Weekend Reading: Ada Palmer (2012): Machiavelli I

Comment of the Day: Altoid: Immigration:

What this admittedly economic-effects-centered argument passes over is the experience of people now in about their mid-50s and older...

From 1924 until, effectively, the late 60s or early 70s or even later, we really didn't have much immigration. Setting aside very small-scale and local things like Cuban refugees in south FL, Croations in Cleveland, refugees from Hungary 1956 and so on, this pattern meant for Americans growing up before maybe the mid-70s that only old people had accents. (Buddy Hackett has a hilarious riff on this at https://www.youtube.com/watch?v=cKiSA_FvZrY.)

Not only that, it meant that when these people were growing up, immigrant neighborhoods where signs weren't in English and where people dressed differently were full of old people and were fading away or just resolving into one ethnic coloration or another ("Little Italy," etc). Parts of southern CA and border TX might be the major exceptions here. At one time there used to be hundreds, even thousands, of non-English newspapers. They mostly dried up around 1970 or before.

So for Anglo-identifying Americans in their 50s and older, "normal" was that they wouldn't run into young immigrants or see large groups of young non-English-speakers in identifiable and non-Anglo-referent neighborhoods. The shock is deep to see these non-Anglo neighborhoods ongoing and obviously able to remain viable in that character.

Now it happens that in actuality these immigrants are following the same pattern that previous ones did--the second generation is either bilingual or primarily Anglophone and moves away from the immigrant neighborhood as adults, and the third generation might know a phrase or two of the heritage language but is otherwise what we used to call "assimilated" or "Americanized."

What spooks so many of our 50ish folks is that the ethnic neighborhoods survive. They survive because immigration laws changed and there's a flow of new people who move into them and keep their non-Anglophone character alive. This fact makes a lot of the 50ish outsiders think there are generations of people who refuse to assimilate.

It also happens that a lot of these 50ish folks are themselves the children or grandchildren of non-Anglo immigrants, and they remember their families bending every fiber of their being to speaking English and assimilating and being good Americans. Many remember being forced to do that, or they remember stories of their parents or grandparents being forced to do that. And now nobody they know speaks German, or Polish, or Italian, or Yiddish, or whatever.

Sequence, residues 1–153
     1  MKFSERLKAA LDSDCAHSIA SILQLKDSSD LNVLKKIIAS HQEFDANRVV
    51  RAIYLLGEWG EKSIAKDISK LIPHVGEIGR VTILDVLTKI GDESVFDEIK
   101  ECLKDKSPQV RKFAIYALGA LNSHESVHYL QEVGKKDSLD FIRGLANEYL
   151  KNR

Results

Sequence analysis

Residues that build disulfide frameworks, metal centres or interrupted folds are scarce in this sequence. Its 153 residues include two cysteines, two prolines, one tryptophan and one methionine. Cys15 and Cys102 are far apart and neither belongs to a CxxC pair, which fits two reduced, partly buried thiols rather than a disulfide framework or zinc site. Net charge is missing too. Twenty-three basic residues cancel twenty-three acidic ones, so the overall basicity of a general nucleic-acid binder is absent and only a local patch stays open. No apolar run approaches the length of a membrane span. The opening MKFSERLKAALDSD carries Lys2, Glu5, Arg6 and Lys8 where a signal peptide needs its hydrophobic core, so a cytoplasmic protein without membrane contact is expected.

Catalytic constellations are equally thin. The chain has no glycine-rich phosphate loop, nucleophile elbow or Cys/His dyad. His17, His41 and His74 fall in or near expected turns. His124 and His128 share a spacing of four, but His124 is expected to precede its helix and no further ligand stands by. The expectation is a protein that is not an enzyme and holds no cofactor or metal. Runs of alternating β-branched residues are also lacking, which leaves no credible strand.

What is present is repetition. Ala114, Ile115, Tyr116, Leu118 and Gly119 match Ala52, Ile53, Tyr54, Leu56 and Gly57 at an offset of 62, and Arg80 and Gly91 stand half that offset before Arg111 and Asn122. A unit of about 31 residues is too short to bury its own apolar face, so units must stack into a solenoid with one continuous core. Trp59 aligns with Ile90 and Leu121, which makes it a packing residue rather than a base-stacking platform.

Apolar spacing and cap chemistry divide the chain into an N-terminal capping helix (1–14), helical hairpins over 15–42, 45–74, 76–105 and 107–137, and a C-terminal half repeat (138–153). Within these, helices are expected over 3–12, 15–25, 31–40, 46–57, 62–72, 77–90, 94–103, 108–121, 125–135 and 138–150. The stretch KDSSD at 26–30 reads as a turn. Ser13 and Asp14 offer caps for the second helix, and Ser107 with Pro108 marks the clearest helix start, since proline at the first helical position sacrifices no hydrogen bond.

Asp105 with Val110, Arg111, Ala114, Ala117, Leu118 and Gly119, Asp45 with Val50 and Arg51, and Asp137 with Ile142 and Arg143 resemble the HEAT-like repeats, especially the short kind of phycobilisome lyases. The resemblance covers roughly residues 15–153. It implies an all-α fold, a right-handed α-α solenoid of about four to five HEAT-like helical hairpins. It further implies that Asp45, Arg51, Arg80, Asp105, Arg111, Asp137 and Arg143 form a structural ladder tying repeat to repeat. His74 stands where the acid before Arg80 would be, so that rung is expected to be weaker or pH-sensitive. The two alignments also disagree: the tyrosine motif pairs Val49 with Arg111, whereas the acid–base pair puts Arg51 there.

So they resent the hell out of what they imagine are the generations of people who refuse to assimilate.

But there aren't generations of people who refuse to assimilate, not among the current immigrants. Spanish-language signs and other-language tax forms are for immigrant non-Anglophones, not for their children or grandchildren.

At base, then, I think what's happening is that a certain generation of Anglophone Americans is misinterpreting what immigrants do, based on their own experience during a really anomalous period in our immigration history. The economic complaints, at least up here in the northeast, are grafted onto that very fundamental misunderstanding, compounded by the export and disappearance of the kinds of jobs and careers they grew up expecting and knowing.

Job-pattern changes have been producing angst for a long time--remember Springsteen's My Hometown? No immigrant-bashing in that song that I can remember, but then 30 years ago this pattern of immigrant behavior hadn't really become established enough to bother Anglophones on a big scale.

Ironically enough, if you're looking for generations of people who refuse to assimilate, you'll find them most predominantly among the Amish and some other sectarians. Ironic because most of the the 50ish immigrant-haters don't have a problem with the Amish, even though Old Order still speak PA Dutch among themselves and refer to everybody who isn't Amish as "English."